Impaired attention (‘difficulty concentrating') is a cognitive symptom of nicotine withdrawal that may be an important contributor to smoking relapse. However, the neurobiological basis of this effect and the potentially beneficial effects of nicotine replacement therapy both remain unclear. We used functional MRI with simultaneous electroencephalogram (EEG) recording to define brain activity correlates of cognitive impairment with short-term smoking cessation in habitual smokers and the effects of nicotine replacement. We found that irrespective of treatment (ie nicotine or placebo) EEG α power was negatively correlated with increased activation during performance of a rapid visual information processing (RVIP) task in dorsolateral prefrontal, dorsal anterior cingulate, parietal, and insular cortices, as well as, caudate, and thalamus. Relative to placebo, nicotine replacement further increased the α-correlated activation across these regions. We also found that EEG α power was negatively correlated with RVIP-induced deactivation in regions comprising the ‘default mode' network (ie angular gyrus, cuneus, precuneus, posterior cingulate, and ventromedial prefrontal cortex). These α-correlated deactivations were further reduced by nicotine. These findings confirm that effects of nicotine on cognition during short-term smoking cessation occur with modulation of neuronal sources common to the generation of both the blood oxygen-level-dependent and α EEG signals. Our observations thus demonstrate that nicotine replacement in smokers has direct pharmacological effects on brain neuronal activity modulating cognitive networks.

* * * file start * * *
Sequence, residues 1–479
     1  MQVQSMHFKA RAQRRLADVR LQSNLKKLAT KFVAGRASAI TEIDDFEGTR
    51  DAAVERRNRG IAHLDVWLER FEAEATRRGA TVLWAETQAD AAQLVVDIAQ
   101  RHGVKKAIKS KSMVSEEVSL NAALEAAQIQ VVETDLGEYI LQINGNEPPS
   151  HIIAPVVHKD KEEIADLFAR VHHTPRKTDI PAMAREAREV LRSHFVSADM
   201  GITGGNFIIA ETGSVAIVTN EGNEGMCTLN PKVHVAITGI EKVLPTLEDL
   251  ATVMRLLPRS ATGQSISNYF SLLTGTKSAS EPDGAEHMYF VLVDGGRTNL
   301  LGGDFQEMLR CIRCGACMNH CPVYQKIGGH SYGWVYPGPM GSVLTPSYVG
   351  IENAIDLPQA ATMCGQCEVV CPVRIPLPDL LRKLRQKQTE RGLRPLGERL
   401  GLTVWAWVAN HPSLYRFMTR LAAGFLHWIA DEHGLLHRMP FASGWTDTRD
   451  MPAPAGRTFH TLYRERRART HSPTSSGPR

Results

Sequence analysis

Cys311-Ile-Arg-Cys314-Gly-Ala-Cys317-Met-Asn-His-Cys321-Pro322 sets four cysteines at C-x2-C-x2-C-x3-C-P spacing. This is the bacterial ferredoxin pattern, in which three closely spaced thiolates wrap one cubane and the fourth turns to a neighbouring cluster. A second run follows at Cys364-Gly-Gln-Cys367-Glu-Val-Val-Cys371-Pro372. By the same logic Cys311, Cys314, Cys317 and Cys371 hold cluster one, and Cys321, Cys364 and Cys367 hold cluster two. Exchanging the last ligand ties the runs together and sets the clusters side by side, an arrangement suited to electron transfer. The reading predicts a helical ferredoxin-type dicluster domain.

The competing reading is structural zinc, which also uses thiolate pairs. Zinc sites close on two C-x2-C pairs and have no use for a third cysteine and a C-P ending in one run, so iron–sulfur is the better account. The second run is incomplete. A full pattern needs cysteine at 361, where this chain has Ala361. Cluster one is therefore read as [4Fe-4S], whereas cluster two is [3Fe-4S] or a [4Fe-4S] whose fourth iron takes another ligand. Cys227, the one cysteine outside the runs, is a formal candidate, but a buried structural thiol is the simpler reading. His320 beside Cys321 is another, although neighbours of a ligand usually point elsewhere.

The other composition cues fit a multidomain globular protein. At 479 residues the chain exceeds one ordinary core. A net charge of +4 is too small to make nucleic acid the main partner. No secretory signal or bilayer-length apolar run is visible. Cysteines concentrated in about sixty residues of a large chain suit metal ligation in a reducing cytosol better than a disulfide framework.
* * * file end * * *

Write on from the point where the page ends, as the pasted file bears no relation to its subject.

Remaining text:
PMCID: PMC3154097  PMID: 21544072
nicotine; cognitive impairment; smoking; addiction; fMRI; EEG; addiction & substance abuse; cognition; imaging; clinical or preclinical; neuropharmacology; nicotine; fMRI; EEG
25.  The Use of Functional MRI to Study Appetite Control in the CNS 
Experimental Diabetes Research  2012;2012:764017.